Insights

Insights   •   AQE Quarterly

How Is Inflation Really Affecting Stock Returns?

  • Despite the recent chatter about inflation, inflation sensitivity generally has not been driving stock returns.
  • Interest rates and inflation will have varying effects on stock returns through time; those effects are difficult to predict.
  • The most important thing is to measure exposure to macro-related risks like interest rates and inflation at the thematic and portfolio level, to prevent macro risk from dominating other, more reliable sources of return.
     
CIO, Active Quantitative Equity

Inflation has been talked about a lot in recent weeks. In the United States, for example, web traffic related to inflation reached a high peak in mid-May.1  But despite all of that chatter, inflation sensitivity has not been a primary driver of stock returns in recent months.

In the weeks since US web traffic about inflation reached its recent peak, growth and value have been the dominant themes distinguishing winners versus losers in US equity markets. Neither of those themes have much exposure to inflation (see extreme factor returns as shown in Figure 1). In addition, high-momentum and low-risk stocks both experienced slightly negative returns over the period, yet their exposure to inflation is the opposite to each other. Overall, these results suggest that inflation prospects simply aren’t having much of an impact on returns across the population of US large-cap stocks.
 

Figure 1: Neither Growth Nor Value Has Been Sensitive to Inflation in Recent Weeks

Returns versus Inflation Sensitivity in US large cap stocks

Interest rates and inflation are highly linked. Figure 1 shows that the sensitivity of stocks to changes in the level of interest rates and sensitivity to changes in break-even inflation have a correlation of around 0.75.

Our March commentary discussed interest-rate sensitivity in light of a massive run-up in the 10-year bond rate and concurrent big moves in the most interest-rate sensitive segments of the market (like growth and value). Since then, the relationship between growth and value and interest rate moves has become less pronounced. In addition, the sensitivity of growth and value to inflation is currently very small (see Figure 2).

The low sensitivity of growth and value to inflation makes sense to us, because the effect of inflation is difficult to anticipate. For example, inflation could be good for value if it leads interest rates to rise, but rising rates could stifle economic growth, which would support growth companies. In other words, inflation could impact growth and value positively or negatively. And that eventual impact is quite challenging to predict.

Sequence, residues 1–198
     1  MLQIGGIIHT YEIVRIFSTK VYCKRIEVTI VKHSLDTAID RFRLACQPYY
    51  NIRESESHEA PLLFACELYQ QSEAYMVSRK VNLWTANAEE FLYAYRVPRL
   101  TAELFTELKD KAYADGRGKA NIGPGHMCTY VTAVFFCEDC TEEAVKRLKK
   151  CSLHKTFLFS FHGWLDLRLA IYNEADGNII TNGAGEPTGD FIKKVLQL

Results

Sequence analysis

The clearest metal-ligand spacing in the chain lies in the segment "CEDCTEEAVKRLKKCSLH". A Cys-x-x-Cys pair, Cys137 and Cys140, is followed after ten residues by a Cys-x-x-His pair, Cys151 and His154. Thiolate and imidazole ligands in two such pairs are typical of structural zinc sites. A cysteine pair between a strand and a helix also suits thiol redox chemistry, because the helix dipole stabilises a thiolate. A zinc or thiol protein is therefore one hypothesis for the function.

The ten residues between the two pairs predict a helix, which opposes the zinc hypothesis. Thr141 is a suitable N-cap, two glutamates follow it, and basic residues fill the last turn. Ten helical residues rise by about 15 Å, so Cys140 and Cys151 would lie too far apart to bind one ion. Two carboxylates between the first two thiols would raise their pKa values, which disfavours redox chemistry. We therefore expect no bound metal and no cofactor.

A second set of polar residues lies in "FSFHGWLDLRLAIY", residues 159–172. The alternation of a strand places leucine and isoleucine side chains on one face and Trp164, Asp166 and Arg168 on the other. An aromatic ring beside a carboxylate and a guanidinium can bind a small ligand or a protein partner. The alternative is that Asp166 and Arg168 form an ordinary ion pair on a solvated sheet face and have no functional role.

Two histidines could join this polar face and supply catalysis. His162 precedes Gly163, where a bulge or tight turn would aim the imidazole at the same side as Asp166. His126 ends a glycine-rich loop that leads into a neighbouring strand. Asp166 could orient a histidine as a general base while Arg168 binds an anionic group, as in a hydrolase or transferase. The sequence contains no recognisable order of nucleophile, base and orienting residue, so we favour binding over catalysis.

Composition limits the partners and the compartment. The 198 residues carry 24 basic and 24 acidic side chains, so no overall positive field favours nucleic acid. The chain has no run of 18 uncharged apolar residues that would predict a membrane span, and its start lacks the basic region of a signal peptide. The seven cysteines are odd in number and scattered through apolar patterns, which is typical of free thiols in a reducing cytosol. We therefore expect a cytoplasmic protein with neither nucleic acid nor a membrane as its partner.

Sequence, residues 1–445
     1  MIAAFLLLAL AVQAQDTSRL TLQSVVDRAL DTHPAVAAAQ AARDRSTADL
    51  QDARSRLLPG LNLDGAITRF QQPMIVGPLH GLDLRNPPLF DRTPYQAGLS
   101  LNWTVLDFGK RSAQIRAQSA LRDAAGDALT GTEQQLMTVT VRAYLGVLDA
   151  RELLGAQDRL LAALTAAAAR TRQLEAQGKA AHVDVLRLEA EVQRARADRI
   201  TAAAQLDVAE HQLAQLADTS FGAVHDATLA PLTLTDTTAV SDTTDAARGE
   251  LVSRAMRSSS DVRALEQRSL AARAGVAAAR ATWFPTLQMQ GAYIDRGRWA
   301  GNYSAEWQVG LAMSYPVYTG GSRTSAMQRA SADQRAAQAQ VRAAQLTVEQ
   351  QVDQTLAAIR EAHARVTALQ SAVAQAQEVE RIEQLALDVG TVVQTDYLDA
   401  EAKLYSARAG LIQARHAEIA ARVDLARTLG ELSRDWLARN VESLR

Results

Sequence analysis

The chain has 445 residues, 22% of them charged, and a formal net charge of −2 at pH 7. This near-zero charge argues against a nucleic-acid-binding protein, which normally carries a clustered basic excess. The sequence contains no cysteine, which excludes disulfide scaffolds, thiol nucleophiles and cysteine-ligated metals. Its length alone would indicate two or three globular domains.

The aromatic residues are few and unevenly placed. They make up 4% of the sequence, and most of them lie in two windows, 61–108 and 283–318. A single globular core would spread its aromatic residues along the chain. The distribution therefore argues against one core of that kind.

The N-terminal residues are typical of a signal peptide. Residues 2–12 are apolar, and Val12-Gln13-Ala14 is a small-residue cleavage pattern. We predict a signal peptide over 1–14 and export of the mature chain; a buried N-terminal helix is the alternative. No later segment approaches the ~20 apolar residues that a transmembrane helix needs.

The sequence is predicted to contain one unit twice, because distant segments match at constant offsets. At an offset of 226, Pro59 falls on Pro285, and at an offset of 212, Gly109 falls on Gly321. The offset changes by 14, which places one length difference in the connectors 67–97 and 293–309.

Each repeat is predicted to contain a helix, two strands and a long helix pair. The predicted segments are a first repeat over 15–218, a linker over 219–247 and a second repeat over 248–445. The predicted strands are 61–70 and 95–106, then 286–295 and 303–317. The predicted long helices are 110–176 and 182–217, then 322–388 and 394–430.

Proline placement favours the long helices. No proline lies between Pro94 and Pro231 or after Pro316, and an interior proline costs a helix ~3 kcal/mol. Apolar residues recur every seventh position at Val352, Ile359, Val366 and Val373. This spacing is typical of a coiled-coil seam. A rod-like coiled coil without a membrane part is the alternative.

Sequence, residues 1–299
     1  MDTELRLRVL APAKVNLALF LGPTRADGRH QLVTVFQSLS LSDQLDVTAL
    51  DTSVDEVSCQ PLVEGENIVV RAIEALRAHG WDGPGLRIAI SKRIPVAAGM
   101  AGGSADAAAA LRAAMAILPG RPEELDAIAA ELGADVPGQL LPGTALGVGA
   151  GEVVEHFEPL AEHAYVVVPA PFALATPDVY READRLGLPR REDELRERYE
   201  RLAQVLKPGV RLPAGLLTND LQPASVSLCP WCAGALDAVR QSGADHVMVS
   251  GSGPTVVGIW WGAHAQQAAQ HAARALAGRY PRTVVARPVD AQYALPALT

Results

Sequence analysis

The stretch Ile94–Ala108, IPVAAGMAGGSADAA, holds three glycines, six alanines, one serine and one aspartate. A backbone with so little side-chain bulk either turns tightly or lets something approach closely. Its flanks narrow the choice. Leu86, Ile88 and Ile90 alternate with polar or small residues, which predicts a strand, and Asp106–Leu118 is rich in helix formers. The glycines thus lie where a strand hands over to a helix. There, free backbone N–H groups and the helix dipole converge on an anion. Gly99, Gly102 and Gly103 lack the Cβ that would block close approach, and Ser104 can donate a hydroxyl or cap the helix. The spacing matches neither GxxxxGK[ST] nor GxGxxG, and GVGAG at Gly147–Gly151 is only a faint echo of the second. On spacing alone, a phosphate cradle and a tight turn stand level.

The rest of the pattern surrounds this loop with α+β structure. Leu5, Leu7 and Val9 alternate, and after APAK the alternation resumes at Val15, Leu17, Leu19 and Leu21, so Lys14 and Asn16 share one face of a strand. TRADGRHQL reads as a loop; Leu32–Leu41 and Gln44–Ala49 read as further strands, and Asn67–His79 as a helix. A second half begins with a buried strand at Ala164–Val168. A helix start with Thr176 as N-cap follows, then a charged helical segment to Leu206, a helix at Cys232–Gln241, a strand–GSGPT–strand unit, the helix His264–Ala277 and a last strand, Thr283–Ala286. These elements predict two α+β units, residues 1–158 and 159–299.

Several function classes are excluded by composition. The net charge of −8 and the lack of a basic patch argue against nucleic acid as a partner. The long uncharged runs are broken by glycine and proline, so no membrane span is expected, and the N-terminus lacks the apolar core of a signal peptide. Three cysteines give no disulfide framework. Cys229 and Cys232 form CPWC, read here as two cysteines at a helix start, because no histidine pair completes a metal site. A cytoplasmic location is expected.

Figure 2: The Relationship Between Growth and Value and Interest Rate Moves Has Become Less Pronounced; the Two Themes Currently Have Little Relationship with Inflation

Correlation of Growth and Value Scores with Interest Rate and Inflation Sensitivity
 

The Bottom Line

We recognize that interest rates and inflation will have varying effects on stock returns through time, and that these effects will be difficult to predict. Even now, the narrative is rapidly shifting from worries about inflation due to an overheating economy to worries about a weak economic recovery. Either way, there’s a high degree of uncertainty about what will happen as the Fed begins to unwind its massive economic support of the economy, especially since companies are in many ways more sensitive to macro influences today due to credit market expansion.

We think the most important thing is to be able to measure exposure to macro-related risks like interest rates and inflation at the thematic and portfolio level, to prevent macro risk from dominating other, more reliable sources of return. We find that balancing our preferences for high-quality, reasonably priced companies with positive investor sentiment gives us neutral exposure to interest-rate and inflation sensitivity, and we continue to measure and monitor those exposures in our portfolios.
 

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